March 17, 2021 -- A coronavirus enzyme called papain-like protease (PLpro) that's capable of blocking host innate immune responses during infection may be an attractive COVID-19 target for therapy drug candidates, according to a new study published March 16 in Nature Microbiology.
As a front-line defense, the innate immune system often deploys the melanoma differentiation-associated protein 5 (MDA5) to detect viruses. MDA5 is a retinoic acid-inducible gene I (RIG-I)-like receptor (RLR) that when activated establishes an antiviral state by producing type I and III interferons (IFNs) that in turn propagate antiviral signaling by upregulating IFN-stimulating genes (ISGs).
RLRs survey the cytoplasm for viral RNAs. Subsequent binding with viral RNA leads to their signaling-primed conformation that allows for the recruitment of several enzymes. Posttranslational modification, namely dephosphorylation, allows this binding and induction of IFNs.
One of the posttranslational modification processes is called ISGylation, a protein modification in which interferon-stimulated gene 15 (ISG15), a ubiquitin-like protein, is covalently conjugated to lysine residues on newly synthesized proteins. While it is known that ISG15 is broadly antiviral, mechanisms of host protein ISGylation were previously unknown.
In the current study, researchers from Cleveland Clinic's Florida Research and Innovation Center (FRIC) led by FRIC Scientific Director Michaela Gack, PhD, sought to identify the essential role for ISGylation in MDA5 activation.
The researchers used liquid chromatography with tandem mass spectrometry (LC-MS/MS) and immunoblotting analyses to reveal that ISG15 binds to and modifies MDA5. They also confirmed that MDA5 activation led to antiviral gene and protein expression of the IFN-beta messenger RNA and protein, as well as other cytokine transcripts.
In ISG15 deletion models, IFN-beta production, as well as additional cytokine gene expression, were strongly attenuated (weakened). The team showed that the conjugation of ISG15 at lysine residue 23 and 43 during ISGylation is essential for MDA5-mediated cytokine responses.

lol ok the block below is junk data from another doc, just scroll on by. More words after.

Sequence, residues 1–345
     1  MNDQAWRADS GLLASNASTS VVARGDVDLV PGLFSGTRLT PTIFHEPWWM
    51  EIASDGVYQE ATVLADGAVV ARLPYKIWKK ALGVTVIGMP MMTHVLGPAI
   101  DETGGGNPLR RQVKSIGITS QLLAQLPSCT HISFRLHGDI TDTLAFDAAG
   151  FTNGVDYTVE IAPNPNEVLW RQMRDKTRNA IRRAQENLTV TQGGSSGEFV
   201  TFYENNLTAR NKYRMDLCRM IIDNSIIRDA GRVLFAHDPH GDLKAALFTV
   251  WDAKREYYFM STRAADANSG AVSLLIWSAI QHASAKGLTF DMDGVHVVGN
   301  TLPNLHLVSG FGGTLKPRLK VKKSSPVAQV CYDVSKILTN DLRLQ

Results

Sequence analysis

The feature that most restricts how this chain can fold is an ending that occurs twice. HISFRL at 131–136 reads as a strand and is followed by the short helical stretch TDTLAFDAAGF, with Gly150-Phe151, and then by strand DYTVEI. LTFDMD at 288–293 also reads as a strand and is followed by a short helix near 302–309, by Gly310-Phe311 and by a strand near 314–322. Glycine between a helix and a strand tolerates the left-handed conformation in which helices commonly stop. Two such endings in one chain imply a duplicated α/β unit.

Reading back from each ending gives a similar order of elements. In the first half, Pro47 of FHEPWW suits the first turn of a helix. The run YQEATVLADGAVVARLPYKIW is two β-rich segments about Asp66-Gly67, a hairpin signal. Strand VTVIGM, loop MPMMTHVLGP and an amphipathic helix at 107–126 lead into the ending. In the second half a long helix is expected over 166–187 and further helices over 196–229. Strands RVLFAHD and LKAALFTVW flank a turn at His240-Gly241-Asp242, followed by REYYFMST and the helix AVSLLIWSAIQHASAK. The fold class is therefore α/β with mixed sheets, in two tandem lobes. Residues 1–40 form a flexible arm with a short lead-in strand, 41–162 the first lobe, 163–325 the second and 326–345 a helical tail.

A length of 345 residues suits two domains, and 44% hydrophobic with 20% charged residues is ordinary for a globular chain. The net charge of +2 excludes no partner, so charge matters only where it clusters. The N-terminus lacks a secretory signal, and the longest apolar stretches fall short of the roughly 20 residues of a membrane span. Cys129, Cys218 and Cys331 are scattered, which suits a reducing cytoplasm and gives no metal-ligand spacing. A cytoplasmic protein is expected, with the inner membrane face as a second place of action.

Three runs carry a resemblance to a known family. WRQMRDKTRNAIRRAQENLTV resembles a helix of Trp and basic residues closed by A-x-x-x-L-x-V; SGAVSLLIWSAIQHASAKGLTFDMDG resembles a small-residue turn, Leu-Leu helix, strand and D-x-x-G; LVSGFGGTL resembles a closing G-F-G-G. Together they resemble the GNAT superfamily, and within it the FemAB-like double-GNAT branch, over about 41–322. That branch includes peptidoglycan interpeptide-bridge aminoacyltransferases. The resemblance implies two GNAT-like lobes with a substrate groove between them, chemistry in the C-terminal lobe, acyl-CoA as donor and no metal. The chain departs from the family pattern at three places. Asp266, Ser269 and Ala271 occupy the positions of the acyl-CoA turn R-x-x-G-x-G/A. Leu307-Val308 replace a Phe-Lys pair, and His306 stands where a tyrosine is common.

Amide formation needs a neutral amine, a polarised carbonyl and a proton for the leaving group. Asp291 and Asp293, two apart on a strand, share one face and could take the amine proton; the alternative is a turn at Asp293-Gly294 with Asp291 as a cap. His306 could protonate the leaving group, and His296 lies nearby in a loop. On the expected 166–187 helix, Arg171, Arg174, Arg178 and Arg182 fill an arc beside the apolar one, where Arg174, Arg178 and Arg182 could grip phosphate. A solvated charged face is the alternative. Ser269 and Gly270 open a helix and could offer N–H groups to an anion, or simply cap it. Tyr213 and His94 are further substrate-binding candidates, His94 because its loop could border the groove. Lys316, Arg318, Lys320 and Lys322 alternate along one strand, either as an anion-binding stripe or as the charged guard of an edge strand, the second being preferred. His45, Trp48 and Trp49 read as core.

Interestingly, viruses can use the ISGylation process to repress the activity of MDA5. The researchers determined that this process is dependent on viral dephosphorylation of the serine 88 residue in MDA5, which leads to a decline in ISGylation primarily through inhibition of protein phosphatase 1 (PP1).
"While discovery of a novel mechanism of immune activation is exciting on its own," Gack said, "we also discovered a bit of bad news, which is that SARS-CoV-2 also understands how the mechanism works, considering it has already developed a strategy to block it."
SARS-CoV-2 can inhibit ISGylation
The SARS-CoV-2 PLpro has been shown to suppress IFN-mediated antiviral responses through deubiquitinating and de-ISGylating activities. As MDA5 is a known sensor for detecting coronaviruses, the researchers wanted to examine whether the SARS-CoV-2 PLpro enzymatically removes MDA5 ISGylation to antagonize innate immunity.
The team first confirmed that SARS-CoV-2 RNA robustly induced IFN transcripts, but the induction was diminished when ISG15 or MDA5 genes were silenced, indicating that SARS-CoV-2 RNA pathogen-associated molecular patterns are primarily sensed by the ISG15–MDA5 axis.
Specifically, SARS-CoV-2 PLpro inhibits the ISGylation-dependent MDA5 higher-order structure formation via its enzymatic activity and may be widely conserved among coronaviruses. The researchers found that MDA5 is a direct target of PLpro. This direct de-ISGylation mediated by the PLpro of SARS-CoV-2 antagonizes ISG15-dependent activation of MDA5.
"SARS-CoV-2 has evolved quickly against many of the body's well-known defense mechanisms," Gack said. "Our findings, however, offer insights into a never-before characterized mechanism of immune activation and how PLpro disrupts this response, enabling SARS-CoV-2 to freely replicate and wreak havoc throughout the host. We discovered that inhibiting PLpro may help rescue the early immune response that is key to limiting viral replication and spread."
Cyro-electron microscopy analysis found that the SARS-CoV-2 nonstructural protein 3 (Nsp3), which contains PLpro, readily interacts with endogenous MDA5 during authentic SARS-CoV-2 infection. This was validated in cell culture experiments where PLpro effectively suppressed MDA5 ISGylation and signaling during live SARS-CoV-2 infection.
Cumulatively, this demonstrates that the PLpro enzyme physically interacts with the MDA5 receptor to inhibit the ISGylation process.
"We're already looking forward to the next phase of study to investigate whether blocking PLpro's enzymatic function, or its interaction with MDA5, will help strengthen the human immune response against the virus," Gack said. "If so, PLpro would certainly be an attractive target for future anti-COVID-19 therapeutics."
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